A fractal is a theoretical object that has infinitely many wiggly bits. Mathematicians prefer a more rigorous definition involving non-integer dimensions whereas fractal enthusiasts often focus on the self-similarity property of many (but not all) fractals.
This means that when you zoom in anywhere into an image of a fractal, you can see the original image of the fractal re-emerge, no matter how much you zoom in. An example of such a fractal is shown below. You can see the six pointed flakes at every level.
Many – if not most – things in nature are approximately fractal. Often quoted examples are ferns that show repeated self similarity in their leaves and the coastline of Britain that is “infinitely” wiggly. The 3D printed fractal below resembles a tree. The little branches have exactly the same shape as the bigger branches, they are just smaller.
In addition to often being fractal, nature has a fundamental structure that is often quite different from the things made by man. When you observe a flowering plant, it is easy to see how it is composed of a root system, a stem and branch system, leaves with nerve systems and then flowers that have their own architecture altogether.
Is there a fractal structure between roots, branches, flowers etc? Indeed. We know from science that a flowering plant is a single living organism with its own genome, i.e. genetic code. This is where the inspiration for genetic fractals come from: complex and composite structures that are driven by a genetic code.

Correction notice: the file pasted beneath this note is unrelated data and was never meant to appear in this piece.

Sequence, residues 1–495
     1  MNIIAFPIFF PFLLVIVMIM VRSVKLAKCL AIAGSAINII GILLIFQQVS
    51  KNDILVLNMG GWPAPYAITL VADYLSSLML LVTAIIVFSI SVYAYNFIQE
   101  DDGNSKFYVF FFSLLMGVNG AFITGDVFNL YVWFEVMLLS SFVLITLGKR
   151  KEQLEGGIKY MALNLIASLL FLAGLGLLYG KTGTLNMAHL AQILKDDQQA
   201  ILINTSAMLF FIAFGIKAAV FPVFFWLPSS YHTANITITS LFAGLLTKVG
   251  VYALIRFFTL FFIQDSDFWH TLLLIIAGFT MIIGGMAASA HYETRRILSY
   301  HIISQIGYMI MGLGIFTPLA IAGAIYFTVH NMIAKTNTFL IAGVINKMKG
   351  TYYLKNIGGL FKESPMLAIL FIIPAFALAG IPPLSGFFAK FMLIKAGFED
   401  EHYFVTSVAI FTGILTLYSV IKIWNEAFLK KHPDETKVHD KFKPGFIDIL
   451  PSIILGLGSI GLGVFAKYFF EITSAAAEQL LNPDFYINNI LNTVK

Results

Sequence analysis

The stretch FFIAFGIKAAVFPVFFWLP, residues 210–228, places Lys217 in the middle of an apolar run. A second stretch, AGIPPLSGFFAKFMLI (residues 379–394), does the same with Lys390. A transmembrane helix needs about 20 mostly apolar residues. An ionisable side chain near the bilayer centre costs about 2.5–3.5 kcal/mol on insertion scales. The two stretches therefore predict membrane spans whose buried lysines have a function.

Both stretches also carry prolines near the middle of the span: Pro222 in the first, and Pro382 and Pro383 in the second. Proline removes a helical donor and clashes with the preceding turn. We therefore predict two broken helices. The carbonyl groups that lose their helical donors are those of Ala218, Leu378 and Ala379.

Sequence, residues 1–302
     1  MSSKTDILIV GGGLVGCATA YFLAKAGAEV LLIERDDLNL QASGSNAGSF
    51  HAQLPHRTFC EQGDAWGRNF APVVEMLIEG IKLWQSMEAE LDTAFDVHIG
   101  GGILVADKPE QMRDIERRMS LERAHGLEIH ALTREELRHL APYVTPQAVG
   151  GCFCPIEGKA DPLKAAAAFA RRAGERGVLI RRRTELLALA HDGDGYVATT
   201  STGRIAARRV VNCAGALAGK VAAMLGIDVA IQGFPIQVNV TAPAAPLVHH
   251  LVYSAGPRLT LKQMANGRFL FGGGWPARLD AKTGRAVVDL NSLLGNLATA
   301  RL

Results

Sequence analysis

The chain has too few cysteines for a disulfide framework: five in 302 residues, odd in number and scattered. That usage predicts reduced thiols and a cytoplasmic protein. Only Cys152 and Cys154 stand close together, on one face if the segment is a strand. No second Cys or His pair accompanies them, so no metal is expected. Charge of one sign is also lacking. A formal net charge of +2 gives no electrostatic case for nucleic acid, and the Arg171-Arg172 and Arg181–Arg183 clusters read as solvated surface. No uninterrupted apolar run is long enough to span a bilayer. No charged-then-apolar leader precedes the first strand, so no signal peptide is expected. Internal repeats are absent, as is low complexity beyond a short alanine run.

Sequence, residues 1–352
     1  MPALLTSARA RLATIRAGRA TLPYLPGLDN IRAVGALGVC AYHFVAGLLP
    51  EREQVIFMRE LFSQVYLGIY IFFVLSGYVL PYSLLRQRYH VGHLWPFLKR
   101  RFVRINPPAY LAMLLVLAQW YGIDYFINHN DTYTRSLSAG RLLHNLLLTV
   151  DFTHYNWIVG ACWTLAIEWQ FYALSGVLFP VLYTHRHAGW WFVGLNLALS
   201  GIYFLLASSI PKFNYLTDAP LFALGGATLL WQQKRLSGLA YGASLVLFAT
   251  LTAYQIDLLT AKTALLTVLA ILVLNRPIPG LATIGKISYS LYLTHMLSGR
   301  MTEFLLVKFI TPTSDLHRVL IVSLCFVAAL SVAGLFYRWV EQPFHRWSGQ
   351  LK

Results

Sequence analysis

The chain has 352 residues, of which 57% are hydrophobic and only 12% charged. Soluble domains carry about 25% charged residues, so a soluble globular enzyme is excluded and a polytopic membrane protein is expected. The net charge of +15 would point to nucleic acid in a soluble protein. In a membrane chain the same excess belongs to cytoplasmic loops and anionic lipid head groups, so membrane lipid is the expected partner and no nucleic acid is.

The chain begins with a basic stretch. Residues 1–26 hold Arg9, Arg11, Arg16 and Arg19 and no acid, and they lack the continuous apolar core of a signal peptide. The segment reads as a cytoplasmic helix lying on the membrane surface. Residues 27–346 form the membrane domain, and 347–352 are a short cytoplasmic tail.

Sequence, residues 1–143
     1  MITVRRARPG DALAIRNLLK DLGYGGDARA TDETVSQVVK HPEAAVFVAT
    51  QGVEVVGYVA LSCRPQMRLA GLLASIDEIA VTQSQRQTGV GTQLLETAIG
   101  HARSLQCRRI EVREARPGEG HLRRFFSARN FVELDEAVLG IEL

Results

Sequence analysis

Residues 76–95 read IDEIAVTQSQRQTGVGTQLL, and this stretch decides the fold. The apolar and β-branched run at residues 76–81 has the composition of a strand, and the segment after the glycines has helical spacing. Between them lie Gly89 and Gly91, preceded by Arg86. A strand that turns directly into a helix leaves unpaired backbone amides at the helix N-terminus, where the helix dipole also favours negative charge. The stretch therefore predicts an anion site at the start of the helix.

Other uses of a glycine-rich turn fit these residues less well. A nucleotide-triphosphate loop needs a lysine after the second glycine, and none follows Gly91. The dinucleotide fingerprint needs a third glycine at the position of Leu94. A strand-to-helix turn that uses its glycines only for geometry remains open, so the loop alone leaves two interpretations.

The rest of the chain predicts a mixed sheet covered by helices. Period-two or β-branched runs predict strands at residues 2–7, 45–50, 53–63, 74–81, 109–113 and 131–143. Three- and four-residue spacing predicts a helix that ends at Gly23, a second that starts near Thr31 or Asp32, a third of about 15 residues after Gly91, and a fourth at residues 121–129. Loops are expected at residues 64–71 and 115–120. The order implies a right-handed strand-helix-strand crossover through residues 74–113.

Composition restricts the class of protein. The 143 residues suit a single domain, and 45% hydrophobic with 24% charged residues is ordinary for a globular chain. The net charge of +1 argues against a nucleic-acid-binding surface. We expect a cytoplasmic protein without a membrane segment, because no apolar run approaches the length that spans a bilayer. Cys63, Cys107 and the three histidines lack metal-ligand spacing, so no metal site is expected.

Although the genetic code produces things that look very different, if you look carefully, you’ll see that flower petals, the shape of a flower and the shape of a plant and its leaves often resemble each other. This fractal relationship is due to the fact that every cell is produced by the same genome that itself has self-similarity in its patterns.
Virtually all living organisms grow like fractals, i.e. cells split and essentially form a new branch of tissue on the organism over and over again. As such an organism grows, it forms shapes that emerge at different scales. As such, such organisms gave a fractal geometry.
Because of that relationship between genes and living fractals, I call these things “genetic fractals”.
Emulating nature and creating interesting or bizarre organic looking fractals like the “Root Larvae” above is only one application of genetic fractals. We can also use them to ‘grow’ mechanical and other engineered structures by using mechanical elements rather than living cells.
These are not necessarily useful objects but they point towards a different way of thinking about mechanical systems. An organic approach to engineering and design.
Due to the genetic nature of these fractals, i.e. the fact that they are created from a sort of “artificial DNA”, we can do genetic engineering and stick bits of “DNA” from genetic fractal into another and thereby transpose some of the features of one to another. This is a very powerful design paradigm that I use to create these genetic fractals. I have also turned this into a design language and even a tool. More on www.geneticfractals.com.